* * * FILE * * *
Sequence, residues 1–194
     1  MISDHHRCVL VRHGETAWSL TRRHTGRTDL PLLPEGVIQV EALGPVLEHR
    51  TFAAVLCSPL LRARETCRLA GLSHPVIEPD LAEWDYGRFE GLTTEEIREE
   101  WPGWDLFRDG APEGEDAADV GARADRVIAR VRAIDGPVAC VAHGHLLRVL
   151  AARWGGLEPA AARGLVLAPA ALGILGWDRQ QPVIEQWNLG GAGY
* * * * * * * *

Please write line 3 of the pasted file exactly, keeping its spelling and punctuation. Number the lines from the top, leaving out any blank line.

    51  TFAAVLCSPL LRARETCRLA GLSHPVIEPD LAEWDYGRFE GLTTEEIREE